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Haiping Zhu is originally from China and joined Oxford Brookes as a research student in September 2013. The title of her thesis is ‘The influence of Chinese philosophical religious traditions on Chinese consumption behaviour: a multiple case study of Chinese festivals’.
I first heard about Oxford Brookes University when I was studying for my bachelor’s degree in China. One of my teachers, who is originally from Oxford, mentioned it to me and explained that Oxford Brookes is a leading modern university with a lot of international students from more than 150 different countries. I believed this diverse learning environment would greatly help me become an effective contributor in today's multicultural society. That is why I decided to pursue my master’s degree at Oxford Brookes University, which I completed in 2012.
While I was studying at Brookes for my master’s degree, the tutors were very helpful and always created a positive and engaging classroom atmosphere. I believe Brookes offers a university experience of quality that goes beyond the lectures in the classroom. It not only gave me knowledge, skills and confidence in myself, but it was also a great experience which made my world better. While I was writing my dissertation for my MSc in International Management, my supervisor Dr Joanna Karmowska provided a lot of guidance in terms of personal development as well as during the PhD application process. For my doctoral studies, I have been extremely lucky as I have two very good supervisors, Dr Jackie Clarke and Dr Nicoletta Occhiocupo, who are extremely supportive and helpful. I believe caring student-teacher relationships at Brookes have greatly helped students do better at the University, as well as act kindlier toward others. In my opinion, such working relationships are crucial to the success of any PhD study.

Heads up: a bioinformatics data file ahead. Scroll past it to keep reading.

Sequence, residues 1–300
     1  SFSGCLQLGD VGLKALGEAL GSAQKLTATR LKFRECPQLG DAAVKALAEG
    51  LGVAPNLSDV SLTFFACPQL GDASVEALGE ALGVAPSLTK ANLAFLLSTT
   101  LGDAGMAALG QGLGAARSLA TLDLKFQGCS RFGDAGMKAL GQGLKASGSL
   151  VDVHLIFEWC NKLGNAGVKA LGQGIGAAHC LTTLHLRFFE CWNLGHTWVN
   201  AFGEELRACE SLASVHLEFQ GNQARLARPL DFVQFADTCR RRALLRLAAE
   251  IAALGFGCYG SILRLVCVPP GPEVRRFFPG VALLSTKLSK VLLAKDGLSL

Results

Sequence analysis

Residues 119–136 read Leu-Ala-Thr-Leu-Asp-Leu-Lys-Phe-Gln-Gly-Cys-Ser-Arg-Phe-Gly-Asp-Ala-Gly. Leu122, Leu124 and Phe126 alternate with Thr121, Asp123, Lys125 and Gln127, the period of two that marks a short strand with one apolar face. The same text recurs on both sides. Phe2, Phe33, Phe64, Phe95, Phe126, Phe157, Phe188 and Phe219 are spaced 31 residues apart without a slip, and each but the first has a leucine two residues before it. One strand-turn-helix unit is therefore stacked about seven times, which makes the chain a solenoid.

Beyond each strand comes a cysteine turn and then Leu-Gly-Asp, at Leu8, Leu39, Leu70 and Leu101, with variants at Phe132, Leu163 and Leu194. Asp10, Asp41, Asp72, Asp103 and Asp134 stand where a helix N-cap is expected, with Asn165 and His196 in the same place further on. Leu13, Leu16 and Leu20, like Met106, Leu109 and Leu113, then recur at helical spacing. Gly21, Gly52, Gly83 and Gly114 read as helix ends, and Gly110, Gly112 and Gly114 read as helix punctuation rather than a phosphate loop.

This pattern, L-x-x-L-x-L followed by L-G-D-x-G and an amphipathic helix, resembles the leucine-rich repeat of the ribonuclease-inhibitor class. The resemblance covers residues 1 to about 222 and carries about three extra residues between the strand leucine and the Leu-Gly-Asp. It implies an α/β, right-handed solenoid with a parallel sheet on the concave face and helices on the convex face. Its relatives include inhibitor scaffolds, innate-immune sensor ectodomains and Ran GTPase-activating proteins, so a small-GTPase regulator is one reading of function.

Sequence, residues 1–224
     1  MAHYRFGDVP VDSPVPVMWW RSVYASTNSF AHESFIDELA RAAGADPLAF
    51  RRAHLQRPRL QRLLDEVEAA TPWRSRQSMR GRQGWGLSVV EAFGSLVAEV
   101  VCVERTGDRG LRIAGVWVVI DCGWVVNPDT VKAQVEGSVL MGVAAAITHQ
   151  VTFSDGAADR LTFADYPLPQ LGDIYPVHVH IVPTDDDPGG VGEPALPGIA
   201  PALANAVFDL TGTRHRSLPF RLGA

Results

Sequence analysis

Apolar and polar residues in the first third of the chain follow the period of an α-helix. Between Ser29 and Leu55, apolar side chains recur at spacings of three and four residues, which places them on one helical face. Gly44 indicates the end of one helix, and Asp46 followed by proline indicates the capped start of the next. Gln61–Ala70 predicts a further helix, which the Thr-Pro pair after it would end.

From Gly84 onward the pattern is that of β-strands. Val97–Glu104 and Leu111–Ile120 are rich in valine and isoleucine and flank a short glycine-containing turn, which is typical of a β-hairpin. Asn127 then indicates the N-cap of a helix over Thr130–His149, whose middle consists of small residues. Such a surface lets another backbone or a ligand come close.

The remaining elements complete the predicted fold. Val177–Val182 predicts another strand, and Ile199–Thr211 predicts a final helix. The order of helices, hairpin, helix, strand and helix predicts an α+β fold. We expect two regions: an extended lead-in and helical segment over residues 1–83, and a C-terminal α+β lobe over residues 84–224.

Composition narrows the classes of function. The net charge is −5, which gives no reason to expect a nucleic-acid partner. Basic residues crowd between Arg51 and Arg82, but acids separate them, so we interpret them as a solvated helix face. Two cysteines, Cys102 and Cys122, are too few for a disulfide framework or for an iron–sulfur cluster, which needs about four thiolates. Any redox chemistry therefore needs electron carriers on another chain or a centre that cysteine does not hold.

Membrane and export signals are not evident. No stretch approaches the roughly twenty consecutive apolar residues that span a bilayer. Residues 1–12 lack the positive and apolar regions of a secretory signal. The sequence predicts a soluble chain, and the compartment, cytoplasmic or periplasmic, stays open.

I found it very easy to settle into the research environment at Brookes. People here are friendly and helpful, and I got extensive support from the supervisory team as well. I was particularly impressed by the faculty teams, research administration, library resources, as well as the training and development courses that are available at the University. As a research student, you will normally be allocated two supervisors. This is to ensure that you will be placed within an appropriate, supportive environment from which you will be able to build and establish your identity as an independent researcher.
The purpose of this research is to explore how the Chinese philosophical religious traditions of Confucianism, Daoism and Buddhism impact on the consumption behaviour of contemporary Chinese consumers. As China is rapidly becoming an important market for consumer goods, in particular luxury, it is critical for marketers to develop a more nuanced understanding of Chinese consumers. Relatively little is known about the differences in consumer purchasing and consumption patterns of Chinese consumers. This research uses multiple case studies of the three most influential philosophical religious traditions – Confucianism, Taoism and Buddhism – in China, and the associated knowledge of their influence on Chinese consumer behaviour today.